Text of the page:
Saturday, November 05, 2011

Honor the Earth: Copper and Iron or Wild Rice and Water?

Posted Nov. 3, 2011, on New Warriors for the Earth*

BARAGA -- New Warriors for the Earth has shared this summary of recent mining projects, posted on Winona LaDuke's Web site, Honor the Earth**:

New mining projects threaten the water, land, wild rice and people of the Great Lakes. Over the past three hundred years, people have spoken out to protect this land and water…

Now is your chance.

Gogebic Mine -- Penokee Mountains, Wisconsin:

Representing up to 20 percent of known iron deposits in the US, around 1-2 billion tons of ore, coal mining giant the Cline Group from Florida has options on 22,5000 acres of mineral rights from Anderson, Mich., to just west of Mellen, Wis. The deposit is buried 350 feet from the surface, and is 20 percent iron, in the form of magnetite, to be extracted with high-powered magnets. The mine would stretch in segments over 21 miles, descend 600 to 900 feet and be 1200 feet wide. Copper and nickel are also likely to exist, and with them the risks of sulfide mining....

Click here to read the rest of this article about this mine and others in the Great Lakes Region.

*New Warriors for the Earth is an Anishinaabe-based non-profit organization dedicated to educating and empowering our communities to take positive action to protect Aki, Mother Earth. Click here to visit their Web site.

** Honor the Earth is a Native-led organization established by Winona LaDuke and Indigo Girls Amy Ray and Emily Saliers in 1993 to address the two primary needs of the Native environmental movement: the need to break the geographic and political isolation of Native communities and the need to increase financial resources for organizing and change. Click here to visit their Web site.

Friday, November 04, 2011

Khana Khazana to serve Middle Eastern cuisine Nov. 4

HOUGHTON -- Khana Khazana (food treasure), a weekly lunch cooked by international students, will feature dishes from the Middle East from 11 a.m. to 2 p.m. Friday, Nov. 4, in the Michigan Tech Memorial Union Food Court.

Sara Alian, a graduate student in applied geospatial information sciences, will cook kabab bakhtiari, a Persian chicken and lamb kabob; tomato and green peas rice, a Saudi Arabian dish; tabouleh, a popular Middle Eastern salad; and knafeh, a Middle Eastern sweet made with fine vermicelli-like pastry.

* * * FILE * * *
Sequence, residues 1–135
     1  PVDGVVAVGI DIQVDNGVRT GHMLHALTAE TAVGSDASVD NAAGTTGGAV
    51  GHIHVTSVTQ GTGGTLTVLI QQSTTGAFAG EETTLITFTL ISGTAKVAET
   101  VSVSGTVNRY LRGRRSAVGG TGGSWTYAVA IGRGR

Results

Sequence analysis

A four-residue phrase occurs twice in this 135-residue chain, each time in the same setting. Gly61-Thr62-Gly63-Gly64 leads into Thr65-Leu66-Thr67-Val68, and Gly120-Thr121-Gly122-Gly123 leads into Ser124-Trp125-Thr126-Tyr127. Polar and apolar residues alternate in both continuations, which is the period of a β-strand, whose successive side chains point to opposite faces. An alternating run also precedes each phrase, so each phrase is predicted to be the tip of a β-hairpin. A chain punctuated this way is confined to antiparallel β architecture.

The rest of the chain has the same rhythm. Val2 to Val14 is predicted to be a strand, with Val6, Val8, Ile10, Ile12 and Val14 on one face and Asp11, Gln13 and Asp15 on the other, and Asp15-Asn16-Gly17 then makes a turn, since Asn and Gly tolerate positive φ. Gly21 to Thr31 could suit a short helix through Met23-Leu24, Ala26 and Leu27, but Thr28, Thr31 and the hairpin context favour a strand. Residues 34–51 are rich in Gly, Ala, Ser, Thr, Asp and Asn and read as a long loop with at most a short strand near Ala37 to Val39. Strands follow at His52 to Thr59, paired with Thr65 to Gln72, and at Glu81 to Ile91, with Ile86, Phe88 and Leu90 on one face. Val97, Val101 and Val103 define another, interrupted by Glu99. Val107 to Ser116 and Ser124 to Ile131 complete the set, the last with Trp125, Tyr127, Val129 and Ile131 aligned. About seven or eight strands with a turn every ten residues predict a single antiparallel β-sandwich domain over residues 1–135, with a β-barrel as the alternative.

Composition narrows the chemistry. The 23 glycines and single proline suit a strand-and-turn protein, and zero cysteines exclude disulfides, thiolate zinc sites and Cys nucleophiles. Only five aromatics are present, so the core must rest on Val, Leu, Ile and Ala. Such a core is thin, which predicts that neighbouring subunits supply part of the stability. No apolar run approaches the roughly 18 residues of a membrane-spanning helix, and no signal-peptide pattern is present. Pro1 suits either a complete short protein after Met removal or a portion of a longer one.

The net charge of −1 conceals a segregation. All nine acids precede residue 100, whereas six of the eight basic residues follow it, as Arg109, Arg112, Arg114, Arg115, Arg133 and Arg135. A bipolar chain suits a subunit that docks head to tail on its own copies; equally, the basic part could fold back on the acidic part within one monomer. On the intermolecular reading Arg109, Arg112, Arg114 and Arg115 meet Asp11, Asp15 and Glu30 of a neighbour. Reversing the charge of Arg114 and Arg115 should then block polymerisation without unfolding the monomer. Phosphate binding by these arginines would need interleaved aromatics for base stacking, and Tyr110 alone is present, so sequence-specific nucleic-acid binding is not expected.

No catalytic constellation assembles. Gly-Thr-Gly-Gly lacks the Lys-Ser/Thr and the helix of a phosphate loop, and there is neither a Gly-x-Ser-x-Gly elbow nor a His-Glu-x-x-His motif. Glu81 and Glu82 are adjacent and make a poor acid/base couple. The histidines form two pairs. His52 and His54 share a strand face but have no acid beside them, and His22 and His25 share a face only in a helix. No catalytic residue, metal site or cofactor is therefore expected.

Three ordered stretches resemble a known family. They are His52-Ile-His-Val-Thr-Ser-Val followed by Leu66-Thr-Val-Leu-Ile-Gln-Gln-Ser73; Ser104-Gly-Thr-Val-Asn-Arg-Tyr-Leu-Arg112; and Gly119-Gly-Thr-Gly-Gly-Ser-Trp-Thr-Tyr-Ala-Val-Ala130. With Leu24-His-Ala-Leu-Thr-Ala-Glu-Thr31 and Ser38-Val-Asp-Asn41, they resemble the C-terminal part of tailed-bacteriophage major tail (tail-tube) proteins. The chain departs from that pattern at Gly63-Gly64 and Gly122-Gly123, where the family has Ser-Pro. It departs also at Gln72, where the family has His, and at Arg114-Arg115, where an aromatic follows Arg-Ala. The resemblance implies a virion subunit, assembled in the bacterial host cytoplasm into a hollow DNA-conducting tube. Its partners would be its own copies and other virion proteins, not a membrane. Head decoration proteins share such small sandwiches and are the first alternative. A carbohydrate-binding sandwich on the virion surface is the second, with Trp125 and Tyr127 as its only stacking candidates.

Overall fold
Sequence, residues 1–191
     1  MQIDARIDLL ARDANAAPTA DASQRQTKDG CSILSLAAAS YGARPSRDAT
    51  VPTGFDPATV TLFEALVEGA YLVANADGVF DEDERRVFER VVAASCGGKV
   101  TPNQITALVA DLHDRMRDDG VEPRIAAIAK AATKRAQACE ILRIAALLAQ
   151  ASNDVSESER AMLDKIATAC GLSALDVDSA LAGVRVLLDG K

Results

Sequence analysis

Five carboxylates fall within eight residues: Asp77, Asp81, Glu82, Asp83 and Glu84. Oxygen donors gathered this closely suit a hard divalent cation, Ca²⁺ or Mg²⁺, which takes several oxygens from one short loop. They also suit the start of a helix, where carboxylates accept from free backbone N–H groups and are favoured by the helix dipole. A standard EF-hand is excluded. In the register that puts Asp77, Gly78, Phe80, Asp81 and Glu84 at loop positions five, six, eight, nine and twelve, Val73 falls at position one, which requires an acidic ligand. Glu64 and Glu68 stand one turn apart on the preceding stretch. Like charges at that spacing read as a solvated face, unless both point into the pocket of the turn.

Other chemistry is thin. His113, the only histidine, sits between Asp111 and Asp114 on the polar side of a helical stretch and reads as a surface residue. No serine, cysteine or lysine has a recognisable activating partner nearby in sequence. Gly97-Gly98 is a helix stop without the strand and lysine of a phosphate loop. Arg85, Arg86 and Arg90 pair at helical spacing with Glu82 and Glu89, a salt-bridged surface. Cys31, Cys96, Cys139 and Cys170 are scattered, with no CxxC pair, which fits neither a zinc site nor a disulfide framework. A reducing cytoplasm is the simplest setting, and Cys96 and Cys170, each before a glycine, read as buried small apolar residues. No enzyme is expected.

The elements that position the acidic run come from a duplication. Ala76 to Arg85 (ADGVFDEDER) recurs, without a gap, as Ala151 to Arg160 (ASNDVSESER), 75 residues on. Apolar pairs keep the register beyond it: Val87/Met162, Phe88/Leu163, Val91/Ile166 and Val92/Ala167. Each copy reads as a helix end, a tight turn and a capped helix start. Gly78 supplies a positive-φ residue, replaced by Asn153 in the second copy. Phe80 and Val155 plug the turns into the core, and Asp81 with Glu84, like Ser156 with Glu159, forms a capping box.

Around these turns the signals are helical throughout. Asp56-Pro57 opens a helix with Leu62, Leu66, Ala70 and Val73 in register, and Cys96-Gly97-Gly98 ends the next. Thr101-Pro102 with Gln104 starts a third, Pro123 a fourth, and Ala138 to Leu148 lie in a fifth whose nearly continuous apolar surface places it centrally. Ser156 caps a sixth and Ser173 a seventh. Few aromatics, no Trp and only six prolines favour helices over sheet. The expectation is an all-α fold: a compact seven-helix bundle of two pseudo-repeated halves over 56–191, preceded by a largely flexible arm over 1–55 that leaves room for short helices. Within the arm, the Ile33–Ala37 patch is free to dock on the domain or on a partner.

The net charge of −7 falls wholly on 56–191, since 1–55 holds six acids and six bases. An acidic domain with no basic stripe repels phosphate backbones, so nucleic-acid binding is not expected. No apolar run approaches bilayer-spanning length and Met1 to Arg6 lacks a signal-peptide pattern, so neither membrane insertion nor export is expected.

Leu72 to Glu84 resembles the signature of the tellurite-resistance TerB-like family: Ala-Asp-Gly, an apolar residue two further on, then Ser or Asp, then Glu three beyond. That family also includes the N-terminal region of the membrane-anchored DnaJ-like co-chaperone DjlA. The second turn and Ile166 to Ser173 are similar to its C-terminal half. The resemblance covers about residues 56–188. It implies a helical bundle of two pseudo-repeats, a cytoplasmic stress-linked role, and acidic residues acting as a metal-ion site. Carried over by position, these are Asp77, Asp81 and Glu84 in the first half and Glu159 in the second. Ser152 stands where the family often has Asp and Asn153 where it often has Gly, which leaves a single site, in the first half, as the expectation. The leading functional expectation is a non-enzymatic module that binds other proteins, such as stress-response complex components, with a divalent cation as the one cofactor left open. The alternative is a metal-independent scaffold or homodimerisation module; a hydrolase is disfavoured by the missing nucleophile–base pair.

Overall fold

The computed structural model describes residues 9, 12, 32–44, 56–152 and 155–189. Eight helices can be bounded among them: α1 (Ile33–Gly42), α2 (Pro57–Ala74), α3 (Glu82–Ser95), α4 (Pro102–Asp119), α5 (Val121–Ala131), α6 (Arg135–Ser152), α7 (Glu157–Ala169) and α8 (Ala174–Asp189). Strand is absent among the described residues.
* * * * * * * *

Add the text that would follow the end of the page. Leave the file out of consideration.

A full meal costs $6 and includes coffee, tea or a fountain soda. Individual entrees are available for $2 each.

Khana Khazana is a collaborative project of international students and Michigan Tech Dining Services.

Thursday, November 03, 2011

First Friday in Calumet to offer art, music, good food -- Nov. 4

Untitled textile sculpture by artist Deb Karppinen. The Vertin Gallery will exhibit Karppinen's work during November, with an Opening Reception from 7 p.m. to 9 p.m. on First Friday, Nov. 4. (Photo courtesy Vertin Gallery)

CALUMET -- First Friday, Nov. 4, in Calumet offers several art events -- and music as well -- all free and open to the public.

CCAC to offer holiday workshop

To help you capture the holiday spirit, a holiday ornament / decoration workshop will be held from 6:30 p.m. to 8:30 p.m. on Friday, Nov. 4, at the Copper Country Associated Artists (CCAC) Gallery, 112 Fifth St.

Fabric artists Karen Secor and Millie Little will help you make a very special ornament using several techniques such as fabric fusing, embroidery, and embellishing with beads and buttons. If you have some special items you would like to incorporate into a piece -- perhaps an antique button, a treasure or even a lock of hair from somebody special -- bring them along. Otherwise, all materials will be provided.

Take advantage of this free workshop -- a chance to create an original ornament or decoration that can be displayed, passed on, and cherished as a reminder of the care and thoughtfulness that is put into homemade gifts.

Ed Gray Gallery to host fiber artists

November brings the annual call for entry fiber show to the Ed Gray Gallery in Calumet. This juried show brings in artists from far and near. The opening reception will be held from 6:30 p.m. to 9 p.m. this Friday, Nov. 4. The show will run through Nov. 30.

The Ed Gray Gallery is at 109 Fifth St. in Calumet.

Café Rosetta will be open First Friday evening

Remember to check out the Café Rosetta, at 104 Fifth St., right across the street from the Ed Gray Gallery. See our Nov. 3 article on their good food, great coffee and friendly ambiance. In addition, see their exhibit of paintings by the late Carol Gorgas.

Vertin Gallery to exhibit work by Deb Karppinen